- BASIL – Basil is an herbal carminative, which can relieve gas and soothe stomach upsets. Basil has been traditionally used in India to normalize stress levels.
- CAYENNE – Cayenne pepper has wonderful cardiovascular benefits, including lowering blood pressure. When added to food, cayenne increases appetite, improves digestion and relieves gas, nausea and indigestion. It also thins phlegm and eases its passage from the lungs.
- CINNAMON – Cinnamon contains a compound that kills a variety of illness causing bacteria, including the E.coli, Salmonella, and Staphylococcus aureas. Cinnamon helps lower blood pressure and helps regulate menstrual cycles. In addition, cinnamon has a tranquilizing effect that helps reduce anxiety and stress.
- GARLIC – Garlic is a natural antiseptic and helps lower cholesterol, reduces plaque, lowers blood pressure, and lowers the risk of atherosclerosis (hardening of the arteries).
- GINGER – Ginger is a wonderful digestive aid which stimulates saliva flow and digestive activity, and helps stimulate cardiovascular activity.
- OREGANO – Oregano is a powerful natural antiseptic. It contains 19 chemical compounds with antibacterial actions as well as four compounds that soothe coughs. In addition, oregano helps soothe stomach muscles, making it a good digestive aid, and it helps lower blood pressure.
- PARSLEY – Parsley is a nutrient powerhouse with high levels of natural beta carotene, vitamin B12, chlorophyll, calcium and more vitamin C than citrus fruits. It supports the liver, uterus, spleen, kidneys and adrenal glands, purifies blood and body fluids. Parsley concentrate promotes good digestion and is an extraordinary immune system booster. It contains key flavonoids including furanocoumarins.
- TURMERIC – The curcumin contained in turmeric provides powerful anti-cancer properties, especially for smokers and past smokers. Curcumin has clinically proven anti-inflammatory effects, including significant beneficial effects in relieving rheumatoid arthritis and carpal tunnel syndrome. Turmeric is also packed with antioxidants, including vitamins A, C and E, and may help prevent cataracts. Turmeric prevents hardening of arteries by lowering cholesterol and inhibiting fat oxidation.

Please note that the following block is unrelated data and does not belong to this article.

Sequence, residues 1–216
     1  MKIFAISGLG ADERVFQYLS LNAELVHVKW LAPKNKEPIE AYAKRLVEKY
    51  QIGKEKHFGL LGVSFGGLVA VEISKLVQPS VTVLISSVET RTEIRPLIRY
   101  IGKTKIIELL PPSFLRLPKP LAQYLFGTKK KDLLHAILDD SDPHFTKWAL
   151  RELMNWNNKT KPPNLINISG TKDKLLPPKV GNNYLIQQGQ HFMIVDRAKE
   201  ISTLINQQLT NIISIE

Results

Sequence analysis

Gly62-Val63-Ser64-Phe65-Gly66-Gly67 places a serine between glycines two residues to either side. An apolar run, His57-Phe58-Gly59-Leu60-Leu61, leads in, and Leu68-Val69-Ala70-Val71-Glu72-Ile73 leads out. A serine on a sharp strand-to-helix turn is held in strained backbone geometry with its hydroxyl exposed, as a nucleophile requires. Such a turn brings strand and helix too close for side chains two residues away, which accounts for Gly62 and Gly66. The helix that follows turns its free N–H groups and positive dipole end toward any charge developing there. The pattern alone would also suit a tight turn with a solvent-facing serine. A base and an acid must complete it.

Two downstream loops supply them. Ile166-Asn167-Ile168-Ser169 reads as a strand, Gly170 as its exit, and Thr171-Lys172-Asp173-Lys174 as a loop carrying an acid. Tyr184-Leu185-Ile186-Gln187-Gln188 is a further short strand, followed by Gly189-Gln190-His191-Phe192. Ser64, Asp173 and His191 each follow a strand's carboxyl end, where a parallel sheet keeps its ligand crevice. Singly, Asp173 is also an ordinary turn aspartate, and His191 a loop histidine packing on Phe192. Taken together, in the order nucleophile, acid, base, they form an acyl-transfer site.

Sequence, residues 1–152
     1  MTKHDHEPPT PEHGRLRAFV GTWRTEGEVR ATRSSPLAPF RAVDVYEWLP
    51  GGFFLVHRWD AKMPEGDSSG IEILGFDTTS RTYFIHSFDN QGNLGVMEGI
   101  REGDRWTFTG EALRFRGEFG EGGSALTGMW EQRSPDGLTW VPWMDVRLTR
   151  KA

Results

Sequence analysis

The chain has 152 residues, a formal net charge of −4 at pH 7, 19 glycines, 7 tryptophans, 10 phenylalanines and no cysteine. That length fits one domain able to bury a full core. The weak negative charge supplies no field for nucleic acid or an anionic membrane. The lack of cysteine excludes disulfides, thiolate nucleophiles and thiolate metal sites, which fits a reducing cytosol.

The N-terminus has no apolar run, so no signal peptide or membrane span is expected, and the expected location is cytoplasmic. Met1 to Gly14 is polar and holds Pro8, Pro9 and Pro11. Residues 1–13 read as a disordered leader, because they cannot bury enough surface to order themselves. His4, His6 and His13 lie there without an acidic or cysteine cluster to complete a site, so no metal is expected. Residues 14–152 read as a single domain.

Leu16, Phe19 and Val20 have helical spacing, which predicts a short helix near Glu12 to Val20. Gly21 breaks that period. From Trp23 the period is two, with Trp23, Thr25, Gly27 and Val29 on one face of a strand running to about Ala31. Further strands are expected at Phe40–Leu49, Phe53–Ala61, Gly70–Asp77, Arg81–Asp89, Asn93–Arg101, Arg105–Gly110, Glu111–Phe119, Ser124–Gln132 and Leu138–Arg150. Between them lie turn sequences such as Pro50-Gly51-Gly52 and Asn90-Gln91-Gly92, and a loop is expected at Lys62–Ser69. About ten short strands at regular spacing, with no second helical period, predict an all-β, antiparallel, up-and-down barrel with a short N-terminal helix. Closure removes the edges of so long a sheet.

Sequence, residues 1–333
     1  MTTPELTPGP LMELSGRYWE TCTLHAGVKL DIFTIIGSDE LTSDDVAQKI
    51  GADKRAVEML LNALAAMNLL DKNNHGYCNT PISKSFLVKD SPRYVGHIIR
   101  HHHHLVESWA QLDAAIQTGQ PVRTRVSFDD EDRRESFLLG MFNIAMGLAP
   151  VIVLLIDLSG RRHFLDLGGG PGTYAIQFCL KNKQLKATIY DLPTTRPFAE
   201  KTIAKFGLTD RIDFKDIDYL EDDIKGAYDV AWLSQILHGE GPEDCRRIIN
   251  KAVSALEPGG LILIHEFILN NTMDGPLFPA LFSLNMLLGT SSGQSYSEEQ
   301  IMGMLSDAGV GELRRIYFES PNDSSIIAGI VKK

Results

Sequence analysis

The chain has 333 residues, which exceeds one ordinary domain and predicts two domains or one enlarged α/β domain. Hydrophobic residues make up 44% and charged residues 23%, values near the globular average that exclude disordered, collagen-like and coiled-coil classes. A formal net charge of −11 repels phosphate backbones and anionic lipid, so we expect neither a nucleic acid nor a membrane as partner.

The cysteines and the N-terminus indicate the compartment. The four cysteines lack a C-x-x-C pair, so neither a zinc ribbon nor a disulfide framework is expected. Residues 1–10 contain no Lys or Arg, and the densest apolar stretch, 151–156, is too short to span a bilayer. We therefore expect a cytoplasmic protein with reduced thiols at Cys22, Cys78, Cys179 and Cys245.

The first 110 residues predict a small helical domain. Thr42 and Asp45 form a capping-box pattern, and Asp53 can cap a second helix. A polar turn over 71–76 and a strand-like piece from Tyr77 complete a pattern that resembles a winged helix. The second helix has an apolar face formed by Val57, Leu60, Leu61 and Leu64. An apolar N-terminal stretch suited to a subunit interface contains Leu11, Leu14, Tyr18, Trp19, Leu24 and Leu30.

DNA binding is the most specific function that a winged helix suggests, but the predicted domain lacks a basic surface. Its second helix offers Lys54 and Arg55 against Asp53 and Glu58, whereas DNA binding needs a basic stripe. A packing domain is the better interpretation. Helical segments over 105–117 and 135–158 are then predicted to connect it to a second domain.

5. The B Complex Family
There are a total of 8 water-soluble B vitamins, also known as B complex. The benefits of vitamin B are extensive. Since they’re not stored by the body (as B vitamins are water-soluble), it’s important to include a daily supply of quality food and B supplement sources. Dr. Brandy Ferarra suggests that smoking and excess alcohol has a direct impact on the destruction of the body’s B vitamins.
According to the University of Maryland Medical Center, vitamins B6, B9 and B12 all work together to control blood levels of the amino acid called homocysteine. There’s an association between high homocysteine levels and heart disease, but researchers aren’t sure whether homocysteine is a disease marker, or a cause of heart disease.
Vitamin B12 deficiencies can easily create a negative impact on your overall health, energy level, and your cognitive abilities, especially as you get older. Niacin (also known as vitamin B3) is popular, but has side effects. Be sure to consult with your healthcare practitioner or our nutritionist.
At Rockwell Nutrition, we would like to express that there’s a big difference in quality of some supplements over others. There are synthetic and non-active forms of nutrients that are cheaper to produce, and low quality supplements tend to use those forms. They might have a lower price tag, but in the end are a waste of money because your body won’t be able to use the nutrients in some cases. Even taking a lower dose of quality nutrients cangive you more value than a cheap supplement.